OR: Def’s driving to a controlled buy was PC for automobile exception; not a “police-created exigency”

Police had probable cause to stop defendant on his way to a controlled buy. This did not qualify as a “police-created exigency.” State v. Colman-Pinning, 302 Ore. App. 383 (Feb. 26, 2020).

Appellant “seeks appellate relief based on a single complaint: the trial court erred in denying his motion to suppress data found on his cell phone. Because appellant abandoned the cell phone in his open car when he fled from the police, we conclude he lacked standing to challenge the constitutionality of the cell-phone search.” Wiltz v. State, 2020 Tex. App. LEXIS 1677 (Tex. App. – 14th Dist. (Houston) Feb. 27, 2020).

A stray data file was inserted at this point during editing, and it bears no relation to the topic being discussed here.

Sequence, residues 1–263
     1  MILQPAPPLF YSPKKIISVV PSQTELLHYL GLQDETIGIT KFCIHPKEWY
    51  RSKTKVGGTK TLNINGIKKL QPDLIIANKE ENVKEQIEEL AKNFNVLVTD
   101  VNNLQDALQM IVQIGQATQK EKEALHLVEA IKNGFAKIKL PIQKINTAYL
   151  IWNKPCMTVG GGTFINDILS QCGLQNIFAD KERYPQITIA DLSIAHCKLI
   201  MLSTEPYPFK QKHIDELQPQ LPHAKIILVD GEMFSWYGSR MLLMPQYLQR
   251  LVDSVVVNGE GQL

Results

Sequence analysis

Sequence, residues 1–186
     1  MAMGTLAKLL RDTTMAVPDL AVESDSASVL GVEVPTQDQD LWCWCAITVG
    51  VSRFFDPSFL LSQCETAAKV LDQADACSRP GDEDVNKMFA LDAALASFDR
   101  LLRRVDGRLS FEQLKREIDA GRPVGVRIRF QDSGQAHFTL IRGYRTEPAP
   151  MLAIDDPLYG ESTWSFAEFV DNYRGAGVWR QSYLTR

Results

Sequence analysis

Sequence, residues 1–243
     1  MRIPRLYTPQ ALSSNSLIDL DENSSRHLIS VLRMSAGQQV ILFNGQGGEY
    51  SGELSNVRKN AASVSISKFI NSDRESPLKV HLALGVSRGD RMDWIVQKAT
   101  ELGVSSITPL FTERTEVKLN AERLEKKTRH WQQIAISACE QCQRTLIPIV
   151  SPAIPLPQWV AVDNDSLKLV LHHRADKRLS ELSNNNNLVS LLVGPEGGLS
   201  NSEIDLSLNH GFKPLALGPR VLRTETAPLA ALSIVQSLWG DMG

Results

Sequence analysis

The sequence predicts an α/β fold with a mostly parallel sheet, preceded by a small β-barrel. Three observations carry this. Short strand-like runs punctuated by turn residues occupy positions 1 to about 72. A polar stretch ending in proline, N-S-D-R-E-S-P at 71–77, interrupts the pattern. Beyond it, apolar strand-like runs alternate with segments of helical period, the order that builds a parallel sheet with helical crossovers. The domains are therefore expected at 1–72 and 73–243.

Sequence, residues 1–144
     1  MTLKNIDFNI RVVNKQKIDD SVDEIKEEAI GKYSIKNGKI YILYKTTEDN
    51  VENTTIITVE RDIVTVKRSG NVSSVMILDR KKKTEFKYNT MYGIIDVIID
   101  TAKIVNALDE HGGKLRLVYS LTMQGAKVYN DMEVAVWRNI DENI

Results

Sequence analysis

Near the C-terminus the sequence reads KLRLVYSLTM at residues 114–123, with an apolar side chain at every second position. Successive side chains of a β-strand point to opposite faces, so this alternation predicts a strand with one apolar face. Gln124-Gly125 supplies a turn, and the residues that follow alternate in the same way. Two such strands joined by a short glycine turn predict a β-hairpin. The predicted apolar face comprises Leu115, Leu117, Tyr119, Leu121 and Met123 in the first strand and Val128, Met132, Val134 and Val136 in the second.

Crashing one’s car and running from it, leaving stuff behind, is an abandonment of all of it. United States v. Espinoza-Reynosa, 2020 U.S. Dist. LEXIS 33660 (D. Minn. Feb. 27, 2020).

This entry was posted in Abandonment, Automobile exception. Bookmark the permalink.

Comments are closed.